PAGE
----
‘She would want us to get it together and make sure her kids are safe and protected because that’s what she did.’
The two aren’t related, but they had an instant connection through work. They joked about getting a DNA test because they spent every second they could together; and they were always getting mixed up at Duluth Middle School where they both served as special education teachers.
“Anytime they called for a Jackson, we would get mixed up,” said Patricia.
She wanted to decorate the desk of her best friend of a year-and-a-half, to return the favor. Sarah went all out on Patricia’s birthday in July, including a decked-out desk. Patricia couldn’t wait to see the look on her friend’s face as she planned the surprise.
But, Sarah wouldn’t get a chance to see it.
On Labor Day, Sarah took her four daughters to a lake near Lawrenceville at Tribble Mill Park. While wading, her youngest daughter went underwater. Sarah tried to rescue her but was pulled underwater near a drop-off and took in too much water. People nearby pulled the two from the water, but Sarah wasn’t responding.
One of her daughters called Sarah’s brother, James Jackson III.
“There’s something bad happened. I was overwhelmed with fear, just a wall of emotion hit me immediately. Panic, that’s what is what, panic,” said James who lives in Washington state.
He had just talked to his sister a few hours earlier.
“I’m losing it because it’s not good, I’m feeling it’s not good,” he said.
Sarah died not long after.
PHOTos: Teacher and mother of four, remembered
The next day, James arrived in Georgia. At Duluth Middle, the principal went to Patricia after Sarah didn’t come in or answer her phone.
“I sent her a text message and it said, ‘If you don’t call me, I will come find you.’ Cause, that’s just the type of relationship we had,” said Patricia.
According to Patricia and James, Sarah was robbed a few days before Labor Day and her purse and phone were stolen.
A few minutes after texting Sarah, an administrator returned to talk to Patricia.
“She said, ‘We had a teacher pass, and I said ‘OK, what do you need me to do? Do you need me to watch their class?’ And she said, ‘No, it was Sarah.’ And that broke everything.”
Patricia’s thoughts immediately went to Sarah’s four children who she lovingly called her nieces. At the same time, James arrived to start to take care of them.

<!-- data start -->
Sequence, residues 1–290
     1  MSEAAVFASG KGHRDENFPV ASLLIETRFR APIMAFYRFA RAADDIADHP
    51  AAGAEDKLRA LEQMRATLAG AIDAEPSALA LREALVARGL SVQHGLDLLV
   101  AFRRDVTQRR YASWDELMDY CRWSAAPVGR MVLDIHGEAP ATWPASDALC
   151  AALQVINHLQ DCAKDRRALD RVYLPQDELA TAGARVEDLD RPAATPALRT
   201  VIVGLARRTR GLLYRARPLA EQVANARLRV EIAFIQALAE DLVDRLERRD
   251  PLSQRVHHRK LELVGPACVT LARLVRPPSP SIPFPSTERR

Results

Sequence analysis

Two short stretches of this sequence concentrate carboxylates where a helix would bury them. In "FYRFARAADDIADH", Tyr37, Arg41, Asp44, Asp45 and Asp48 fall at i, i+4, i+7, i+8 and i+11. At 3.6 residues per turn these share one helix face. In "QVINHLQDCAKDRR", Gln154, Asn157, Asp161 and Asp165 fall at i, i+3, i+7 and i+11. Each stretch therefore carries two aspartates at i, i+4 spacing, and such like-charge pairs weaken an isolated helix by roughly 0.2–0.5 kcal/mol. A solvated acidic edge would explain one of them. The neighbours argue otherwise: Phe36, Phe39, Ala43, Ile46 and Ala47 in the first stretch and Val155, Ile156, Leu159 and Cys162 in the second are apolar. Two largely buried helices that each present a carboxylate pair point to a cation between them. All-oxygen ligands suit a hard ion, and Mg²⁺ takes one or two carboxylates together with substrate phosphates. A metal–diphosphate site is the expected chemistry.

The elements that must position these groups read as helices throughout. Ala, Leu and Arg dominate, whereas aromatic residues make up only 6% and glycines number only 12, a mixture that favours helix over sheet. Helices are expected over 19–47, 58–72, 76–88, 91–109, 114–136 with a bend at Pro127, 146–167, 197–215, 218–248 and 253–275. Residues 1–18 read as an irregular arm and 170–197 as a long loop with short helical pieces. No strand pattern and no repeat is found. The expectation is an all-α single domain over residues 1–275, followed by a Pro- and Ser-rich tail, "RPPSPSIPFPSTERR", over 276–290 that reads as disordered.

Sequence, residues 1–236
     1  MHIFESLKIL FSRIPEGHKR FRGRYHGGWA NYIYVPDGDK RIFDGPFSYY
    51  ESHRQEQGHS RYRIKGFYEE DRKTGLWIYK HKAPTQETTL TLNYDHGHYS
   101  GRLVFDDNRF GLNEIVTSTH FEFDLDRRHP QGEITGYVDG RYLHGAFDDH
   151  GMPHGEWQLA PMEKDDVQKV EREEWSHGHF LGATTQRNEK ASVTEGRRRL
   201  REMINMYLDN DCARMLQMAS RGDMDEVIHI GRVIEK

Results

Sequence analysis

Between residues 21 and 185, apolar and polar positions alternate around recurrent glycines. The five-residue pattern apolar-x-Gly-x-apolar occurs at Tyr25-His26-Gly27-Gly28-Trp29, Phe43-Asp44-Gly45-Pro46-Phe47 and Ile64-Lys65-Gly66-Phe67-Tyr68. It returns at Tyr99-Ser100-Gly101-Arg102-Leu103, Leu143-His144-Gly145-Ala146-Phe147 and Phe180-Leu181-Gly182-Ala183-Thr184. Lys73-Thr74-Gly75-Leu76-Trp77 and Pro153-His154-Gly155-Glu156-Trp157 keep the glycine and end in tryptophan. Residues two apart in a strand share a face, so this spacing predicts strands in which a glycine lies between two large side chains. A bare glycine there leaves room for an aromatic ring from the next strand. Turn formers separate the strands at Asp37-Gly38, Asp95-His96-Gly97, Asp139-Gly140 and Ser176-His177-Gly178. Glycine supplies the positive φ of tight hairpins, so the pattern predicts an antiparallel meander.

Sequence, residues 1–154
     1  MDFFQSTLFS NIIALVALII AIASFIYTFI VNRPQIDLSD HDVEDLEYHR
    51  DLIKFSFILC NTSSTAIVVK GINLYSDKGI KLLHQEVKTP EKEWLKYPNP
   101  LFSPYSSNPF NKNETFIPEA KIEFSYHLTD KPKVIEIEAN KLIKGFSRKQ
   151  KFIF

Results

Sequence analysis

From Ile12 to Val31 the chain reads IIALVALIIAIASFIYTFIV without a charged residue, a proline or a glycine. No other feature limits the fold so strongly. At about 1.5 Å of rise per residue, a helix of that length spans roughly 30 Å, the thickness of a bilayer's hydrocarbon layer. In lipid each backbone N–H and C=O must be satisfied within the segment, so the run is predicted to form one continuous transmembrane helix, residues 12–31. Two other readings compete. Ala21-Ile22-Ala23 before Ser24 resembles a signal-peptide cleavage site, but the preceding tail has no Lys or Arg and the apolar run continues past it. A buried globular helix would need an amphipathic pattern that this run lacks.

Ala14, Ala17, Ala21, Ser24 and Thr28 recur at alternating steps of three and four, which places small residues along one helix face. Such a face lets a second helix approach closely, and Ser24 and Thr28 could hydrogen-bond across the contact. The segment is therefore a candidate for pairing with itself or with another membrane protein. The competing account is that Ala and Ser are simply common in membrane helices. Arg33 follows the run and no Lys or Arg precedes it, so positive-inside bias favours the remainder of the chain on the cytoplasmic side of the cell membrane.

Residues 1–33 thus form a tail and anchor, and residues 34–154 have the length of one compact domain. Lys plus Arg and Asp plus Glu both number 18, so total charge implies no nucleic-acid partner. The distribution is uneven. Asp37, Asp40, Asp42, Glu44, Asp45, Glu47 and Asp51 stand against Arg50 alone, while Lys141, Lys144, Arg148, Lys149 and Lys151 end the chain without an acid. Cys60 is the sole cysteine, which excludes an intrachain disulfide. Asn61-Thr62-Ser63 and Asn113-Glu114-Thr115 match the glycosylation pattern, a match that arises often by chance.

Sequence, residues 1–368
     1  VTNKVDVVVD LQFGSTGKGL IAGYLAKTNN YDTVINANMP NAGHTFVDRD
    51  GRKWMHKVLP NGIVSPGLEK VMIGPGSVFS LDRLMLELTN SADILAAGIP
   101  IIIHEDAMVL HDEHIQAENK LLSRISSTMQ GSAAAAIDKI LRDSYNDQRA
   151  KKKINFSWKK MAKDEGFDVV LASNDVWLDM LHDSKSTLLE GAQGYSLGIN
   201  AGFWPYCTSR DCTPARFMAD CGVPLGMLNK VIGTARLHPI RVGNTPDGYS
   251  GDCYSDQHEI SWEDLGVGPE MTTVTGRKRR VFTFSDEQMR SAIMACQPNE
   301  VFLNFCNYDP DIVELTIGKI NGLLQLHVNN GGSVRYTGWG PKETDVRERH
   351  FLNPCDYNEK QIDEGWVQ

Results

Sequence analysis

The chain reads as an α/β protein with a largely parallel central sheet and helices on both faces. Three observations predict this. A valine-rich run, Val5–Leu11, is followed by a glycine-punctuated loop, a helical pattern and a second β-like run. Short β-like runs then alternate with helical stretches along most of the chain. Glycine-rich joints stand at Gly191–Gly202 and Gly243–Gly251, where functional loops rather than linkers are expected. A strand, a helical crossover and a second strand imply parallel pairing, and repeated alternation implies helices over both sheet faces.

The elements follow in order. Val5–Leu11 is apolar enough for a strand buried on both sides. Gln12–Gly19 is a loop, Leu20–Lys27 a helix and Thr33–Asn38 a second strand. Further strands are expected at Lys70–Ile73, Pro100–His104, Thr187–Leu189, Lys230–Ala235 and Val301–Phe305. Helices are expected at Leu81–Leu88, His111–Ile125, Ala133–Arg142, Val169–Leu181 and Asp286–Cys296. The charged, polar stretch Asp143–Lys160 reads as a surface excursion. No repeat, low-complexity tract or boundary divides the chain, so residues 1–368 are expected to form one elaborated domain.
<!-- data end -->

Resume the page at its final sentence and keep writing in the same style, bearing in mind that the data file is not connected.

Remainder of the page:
“Everything I’m doing right now, it’s nothing she wouldn’t do for me,” said James.
James created a GoFundMe for Sarah’s kids and held a celebration of life for her recently. From the comments and conversations, he’s learned so much more about his sister.
“Sarah did this, Sarah did that. I mean it’s crazy. It’s blowing my mind,” he said.
Sarah worked with non-profits, the Family Promise Guest Advisory Council, and others to help women during the transition from abuse. She also gave a moving speech in 2013 about being a single parent and overcoming homelessness once she graduated from Georgia Gwinnett College. She also worked at Georgia Tech for 10 years prior to her time with Duluth Middle School.
Both Patricia and James described Sarah as a gifted person, smart, sharp, and someone who cared more about others than herself. They said she loved working with children and people with disabilities and was always around to motivate others to keep going.
“She was my motivator, my inspirator. That was my sister,” said James. “Each one of these children have a huge jump in life because they were exposed to Sarah Jackson, a very intelligent, strong woman.”
But more than anything, she loved her children and put them first, especially as three have ongoing health problems.
“She was Supermom,” said Patricia. “She would want us to get it together and make sure her kids are safe and protected because that’s what she did.”
James said he will apply for guardianship of the girls, as he and Sarah often discussed how to take care of each other, should one of them pass away.
“Now knowing that she can rest, and she’s at peace, I can pick up the baton and continue on,” he said.
Patricia did go back to work on Friday, September 11; and she did decorate Sarah’s desk. The decorations included a fake crown, as she returned the favor for a tiara Sarah gave her for her birthday.
“I had to make sure at school, that I gave her, her final crown at work,” said Patricia.
Sarah’s girls are ages 9, 11, 13 and 20. Patricia, who has young boys, said she will do whatever it takes to help take care of them. James added he is still figuring out if he will move to Georgia or split time because he doesn’t want to take the girls away from their local support system.